14. The Respondent also contends that it was under no obligation to investigate into the circumstances of the applications and points in particular to Section 21(3) of the Sunrise Rules which states that the “Validation Agent is not obliged, but is permitted in its sole discretion, to conduct its own investigation of the Application, the Prior Right claimed and the Documentary Evidence produced”.  The Respondent contends that Section 21(3) does not impose any obligation upon it to conduct its own investigations.  The Respondent again cites a list of previously decided ADR decisions confirming that there is no such obligation: for example, cases such as 127 BPW, 954 GMP, 541 ULTRASUN, and 2150 DUTCHORIGINALS, which the Respondent says are to be preferred to cases such as 253 SCHOELLER in which it was held that the Respondent should have carried out further investigations, even in the case of inadequate documentation.
    15. The Respondent also contends that documents submitted for the first time during the present ADR proceedings may not be taken into consideration, and therefore that the evidence of trademark registrations in the name of Deborah Group B.V. supplied for the first time with the Complaint (and not with the applications) should be disregarded.  The Respondent contends that only the documentary evidence which it was able to examine at the time of validation of the applications should be considered, in order to avoid the proceedings acting as a “second chance” for Applicants to remedy their imperfect original applications
    16. The Respondent again refers to a number of previously decided ADR proceedings, in support of its contentions including 294 COLT, 954 GMP and 1549 EPAGES.
    17. The Respondent concludes by saying that its decision was clearly justified on the basis of the material available before the Validation Agent, the obligation was on the Applicant to ensure that its documentation was in order, it did not do so, and to permit the Complainant to correct its defective applications at this stage would be not only unfair to other potential Applicants, but also clearly in breach of the Regulation and the Sunrise Rules.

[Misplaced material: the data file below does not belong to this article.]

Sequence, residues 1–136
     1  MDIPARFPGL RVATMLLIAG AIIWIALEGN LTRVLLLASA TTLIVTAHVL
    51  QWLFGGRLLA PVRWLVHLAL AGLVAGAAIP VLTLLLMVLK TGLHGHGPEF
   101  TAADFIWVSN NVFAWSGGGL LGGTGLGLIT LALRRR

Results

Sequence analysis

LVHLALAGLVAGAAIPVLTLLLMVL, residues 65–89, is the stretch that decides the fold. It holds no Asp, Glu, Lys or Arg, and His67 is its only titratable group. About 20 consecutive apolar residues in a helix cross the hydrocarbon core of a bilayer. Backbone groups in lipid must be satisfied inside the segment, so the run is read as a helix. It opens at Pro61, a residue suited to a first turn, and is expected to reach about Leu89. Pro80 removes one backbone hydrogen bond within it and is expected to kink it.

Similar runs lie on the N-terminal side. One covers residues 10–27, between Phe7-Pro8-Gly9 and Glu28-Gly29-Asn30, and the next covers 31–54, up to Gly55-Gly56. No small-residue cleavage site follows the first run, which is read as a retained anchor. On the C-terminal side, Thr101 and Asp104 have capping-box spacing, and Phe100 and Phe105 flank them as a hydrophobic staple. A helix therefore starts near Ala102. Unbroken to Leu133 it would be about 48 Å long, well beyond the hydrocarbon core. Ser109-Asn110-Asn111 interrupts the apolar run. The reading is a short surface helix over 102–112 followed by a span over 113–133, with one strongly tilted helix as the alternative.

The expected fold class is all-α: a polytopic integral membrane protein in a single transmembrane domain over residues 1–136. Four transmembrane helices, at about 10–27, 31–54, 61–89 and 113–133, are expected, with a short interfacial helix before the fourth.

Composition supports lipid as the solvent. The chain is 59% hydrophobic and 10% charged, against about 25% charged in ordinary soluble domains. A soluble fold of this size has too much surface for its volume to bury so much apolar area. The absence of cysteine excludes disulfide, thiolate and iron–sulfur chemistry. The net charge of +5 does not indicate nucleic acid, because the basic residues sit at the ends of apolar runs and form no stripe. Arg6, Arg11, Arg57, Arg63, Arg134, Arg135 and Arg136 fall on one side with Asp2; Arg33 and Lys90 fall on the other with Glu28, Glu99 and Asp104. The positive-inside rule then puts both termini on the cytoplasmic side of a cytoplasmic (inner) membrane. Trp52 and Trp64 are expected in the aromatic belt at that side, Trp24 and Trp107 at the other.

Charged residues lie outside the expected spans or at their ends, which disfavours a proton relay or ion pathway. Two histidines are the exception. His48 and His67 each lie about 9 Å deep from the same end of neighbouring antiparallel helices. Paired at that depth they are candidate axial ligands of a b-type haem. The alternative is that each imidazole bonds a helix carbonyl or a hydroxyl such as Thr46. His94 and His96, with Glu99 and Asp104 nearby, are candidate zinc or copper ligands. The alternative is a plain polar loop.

Discussion and Findings
18.	As the Respondent has pointed out in its Response, the majority of the issues which arise in this Complaint have already been considered on a number of occasions by Panelists in other ADR cases.

19. In this case, the facts are clear and not disputed.  The evidence filed by the Complainant in support of its original applications for each of the three Domain Names established Prior Rights, but in the name of a company called Deborah Cosmetics B.V.   That company changed its name in October 2002 to Deborah Group B.V., the Complainant.  The company name Deborah Group B.V. appears on records which could have been provided in support of the original applications as being the holder of relevant rights, but the evidence was not provided until the Complaint was filed.  Therefore, the Validation Agent in respect of each of the Domain Names had before it evidence which did not, on its face, support the entitlement of the Complainant to the Domain Names.  The name “Deborah Cosmetics B.V.” is clearly different from “Deborah Group B.V.”.  Although it appears that the addresses in question are the same, there is nothing else to suggest to the Validation Agent that the companies are anything other than separate corporate entities.  The differences between the names are not insignificant.  They are not mere typographical errors.